The appendix-specific proteome
The appendix, also called appendix vermiformis, is a blind-ended short intestinal protrusion extending from the large intestine's cecum. The histology of the appendix resembles the histology of the colon, with the four layers of mucosa, submucosa, muscularis externa and serosa. Unlike the large intestine, however, the submucosa of the appendix contains nodules of lymphoid tissue. The transcriptome analysis shows that 71% (n=13903) of all human proteins (n=19613) are expressed in the appendix and 200 of these genes show an elevated expression in appendix compared to other tissue types.
An analysis of the genes with elevated expression in appendix, with regards to function, reveals that they are dominantly involved in immune system processes.
- 2 appendix enriched genes
- 200 genes defined as elevated in the appendix
- Most of the elevated genes in appendix encode proteins involved in immune system processes
- Most group-enriched genes are shared with lymph node
Figure 1. The distribution of all genes across the five categories based on transcript abundance in appendix as well as in all other tissues.
200 genes show some level of elevated expression in the appendix compared to other tissues. The three categories of genes with elevated expression in appendix compared to other organs are shown in Table 1.
Table 1. Number of genes in the subdivided categories of elevated expression in appendix.
|Number of genes
|At least five-fold higher mRNA levels in a particular tissue as compared to all other tissues
|At least five-fold higher mRNA levels in a group of 2-7 tissues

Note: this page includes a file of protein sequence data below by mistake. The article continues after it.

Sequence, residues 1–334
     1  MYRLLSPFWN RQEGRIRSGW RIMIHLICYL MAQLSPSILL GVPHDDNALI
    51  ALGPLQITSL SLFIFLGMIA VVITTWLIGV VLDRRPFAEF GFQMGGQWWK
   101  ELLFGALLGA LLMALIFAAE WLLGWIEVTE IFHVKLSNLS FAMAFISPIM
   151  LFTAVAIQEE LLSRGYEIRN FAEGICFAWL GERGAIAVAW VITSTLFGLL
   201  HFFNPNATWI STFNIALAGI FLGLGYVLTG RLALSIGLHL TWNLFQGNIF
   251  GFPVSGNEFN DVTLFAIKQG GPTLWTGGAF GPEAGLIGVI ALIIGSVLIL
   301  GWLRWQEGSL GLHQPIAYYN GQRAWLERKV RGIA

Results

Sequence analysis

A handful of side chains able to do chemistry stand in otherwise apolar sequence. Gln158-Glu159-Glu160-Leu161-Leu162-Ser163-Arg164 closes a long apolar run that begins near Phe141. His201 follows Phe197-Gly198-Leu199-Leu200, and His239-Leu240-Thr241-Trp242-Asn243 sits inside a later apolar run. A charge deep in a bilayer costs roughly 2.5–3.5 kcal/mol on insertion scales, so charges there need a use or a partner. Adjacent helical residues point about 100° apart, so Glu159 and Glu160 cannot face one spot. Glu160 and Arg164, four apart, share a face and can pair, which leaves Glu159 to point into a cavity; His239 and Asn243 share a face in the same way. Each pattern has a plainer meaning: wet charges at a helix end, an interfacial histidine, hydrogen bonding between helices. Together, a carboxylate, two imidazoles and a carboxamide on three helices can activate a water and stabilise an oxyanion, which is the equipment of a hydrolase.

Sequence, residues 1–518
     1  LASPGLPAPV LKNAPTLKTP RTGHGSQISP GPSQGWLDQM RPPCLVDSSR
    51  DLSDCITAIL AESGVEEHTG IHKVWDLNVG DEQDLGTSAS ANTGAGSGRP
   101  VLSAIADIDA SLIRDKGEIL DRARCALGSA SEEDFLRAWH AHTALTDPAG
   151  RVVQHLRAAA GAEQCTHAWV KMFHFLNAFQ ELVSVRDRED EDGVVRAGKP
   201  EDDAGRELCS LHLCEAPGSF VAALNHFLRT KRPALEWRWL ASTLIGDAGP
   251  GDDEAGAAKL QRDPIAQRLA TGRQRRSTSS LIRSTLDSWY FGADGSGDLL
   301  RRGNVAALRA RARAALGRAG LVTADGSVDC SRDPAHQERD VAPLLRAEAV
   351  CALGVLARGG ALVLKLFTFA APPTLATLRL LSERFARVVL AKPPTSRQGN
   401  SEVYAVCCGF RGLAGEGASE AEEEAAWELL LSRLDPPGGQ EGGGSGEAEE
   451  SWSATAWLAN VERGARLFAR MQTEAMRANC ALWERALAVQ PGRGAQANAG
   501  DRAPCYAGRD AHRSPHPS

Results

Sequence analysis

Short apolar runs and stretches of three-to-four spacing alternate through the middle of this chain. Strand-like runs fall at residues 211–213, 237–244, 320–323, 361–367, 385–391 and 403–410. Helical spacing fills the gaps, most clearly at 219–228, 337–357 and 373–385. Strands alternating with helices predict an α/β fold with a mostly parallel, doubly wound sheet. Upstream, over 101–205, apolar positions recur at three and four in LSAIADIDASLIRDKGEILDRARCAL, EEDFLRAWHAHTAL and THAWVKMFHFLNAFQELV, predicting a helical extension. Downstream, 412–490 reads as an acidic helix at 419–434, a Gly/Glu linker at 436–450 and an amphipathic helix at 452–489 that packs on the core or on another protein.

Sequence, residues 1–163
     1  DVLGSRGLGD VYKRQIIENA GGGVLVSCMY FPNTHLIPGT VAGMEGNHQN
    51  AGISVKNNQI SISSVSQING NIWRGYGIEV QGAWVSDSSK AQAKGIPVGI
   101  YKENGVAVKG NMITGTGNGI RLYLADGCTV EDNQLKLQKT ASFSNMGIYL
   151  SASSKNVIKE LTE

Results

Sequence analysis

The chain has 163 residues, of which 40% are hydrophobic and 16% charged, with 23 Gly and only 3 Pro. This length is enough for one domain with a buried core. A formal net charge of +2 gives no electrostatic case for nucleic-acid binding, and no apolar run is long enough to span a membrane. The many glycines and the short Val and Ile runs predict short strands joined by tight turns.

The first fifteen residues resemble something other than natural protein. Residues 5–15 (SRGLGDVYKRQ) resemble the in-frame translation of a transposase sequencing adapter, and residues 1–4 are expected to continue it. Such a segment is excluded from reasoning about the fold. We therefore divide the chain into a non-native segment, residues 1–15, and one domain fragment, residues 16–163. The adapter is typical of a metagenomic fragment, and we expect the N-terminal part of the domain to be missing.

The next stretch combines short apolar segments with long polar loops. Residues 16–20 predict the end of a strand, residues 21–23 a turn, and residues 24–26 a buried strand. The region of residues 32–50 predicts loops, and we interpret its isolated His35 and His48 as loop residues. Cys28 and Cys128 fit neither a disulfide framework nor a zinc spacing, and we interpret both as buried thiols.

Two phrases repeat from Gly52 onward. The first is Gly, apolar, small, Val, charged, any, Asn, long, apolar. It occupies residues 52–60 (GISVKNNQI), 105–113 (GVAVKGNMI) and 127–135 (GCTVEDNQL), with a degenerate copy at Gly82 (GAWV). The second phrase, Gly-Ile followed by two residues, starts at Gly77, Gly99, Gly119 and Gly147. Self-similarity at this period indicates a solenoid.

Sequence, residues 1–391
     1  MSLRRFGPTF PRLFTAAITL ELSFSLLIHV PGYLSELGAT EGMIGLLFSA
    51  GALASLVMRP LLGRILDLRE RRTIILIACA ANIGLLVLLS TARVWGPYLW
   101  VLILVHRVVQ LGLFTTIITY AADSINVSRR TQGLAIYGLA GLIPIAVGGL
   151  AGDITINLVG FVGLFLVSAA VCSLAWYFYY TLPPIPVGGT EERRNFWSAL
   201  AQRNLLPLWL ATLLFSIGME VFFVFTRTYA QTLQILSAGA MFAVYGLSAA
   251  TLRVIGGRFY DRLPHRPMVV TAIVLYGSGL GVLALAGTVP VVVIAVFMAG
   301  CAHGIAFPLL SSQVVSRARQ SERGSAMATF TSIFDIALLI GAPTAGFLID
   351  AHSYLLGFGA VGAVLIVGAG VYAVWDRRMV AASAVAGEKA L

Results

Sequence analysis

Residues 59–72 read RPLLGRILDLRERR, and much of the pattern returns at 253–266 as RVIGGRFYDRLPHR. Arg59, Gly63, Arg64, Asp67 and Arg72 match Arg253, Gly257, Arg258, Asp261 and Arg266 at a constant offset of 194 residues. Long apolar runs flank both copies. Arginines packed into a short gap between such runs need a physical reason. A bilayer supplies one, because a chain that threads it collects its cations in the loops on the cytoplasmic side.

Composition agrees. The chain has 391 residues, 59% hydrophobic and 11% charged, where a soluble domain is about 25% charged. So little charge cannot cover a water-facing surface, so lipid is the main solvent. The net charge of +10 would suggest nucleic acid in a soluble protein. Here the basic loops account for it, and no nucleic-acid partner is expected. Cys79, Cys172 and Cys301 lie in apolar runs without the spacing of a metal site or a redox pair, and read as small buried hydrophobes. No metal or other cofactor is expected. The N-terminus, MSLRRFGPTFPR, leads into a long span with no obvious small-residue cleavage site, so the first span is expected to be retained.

|At least five-fold higher mRNA levels in a particular tissue as compared to average levels in all tissues
|Total number of elevated genes in appendix
Protein expression of genes elevated in appendix
The list of elevated genes (n=200) are well in-line with the function of the appendix, as it includes an overrepresentation of proteins associated with immune system processes. Among the genes elevated only in appendix (n=153) there is an overrepresentation of proteins involved in response to stimulus and chemotaxis, indicative of an active inflammation. CXCR1 and CXCR2, two receptors for IL-8 (also known as neutrophil chemotactic factor), both show an enhanced expression in appendix. IL-8 induces chemotaxis in neutrophils, and thereby neutrophils are attracted to the site of infection. An inflammatory reaction pattern could reflect that appendix samples were obtained from cases with some degree of appendicitis.
There were only two genes in the category of genes with tissue enriched expression in the appendix ACOD1 and TNFRSF6B. This is not unexpected as the included cell types, function and morphological features of the appendix are highly similar to other related tissue types, such as the lymph node, tonsil and spleen. Genes that specifically signify these types of tissues will thus be categorized as group enriched genes (see below).
The appendix transcriptome
An analysis of the expression levels of each gene makes it possible to calculate the relative mRNA pool for each of the categories. The analysis shows that 86% of the mRNA molecules in the appendix corresponds to housekeeping genes and only 2% of the mRNA pool corresponds to genes categorized to be either appendix enriched, group enriched, or enhanced. Thus, most of the transcriptional activity in the appendix relates to proteins with presumed housekeeping functions as they are found in all tissues and cells analyzed.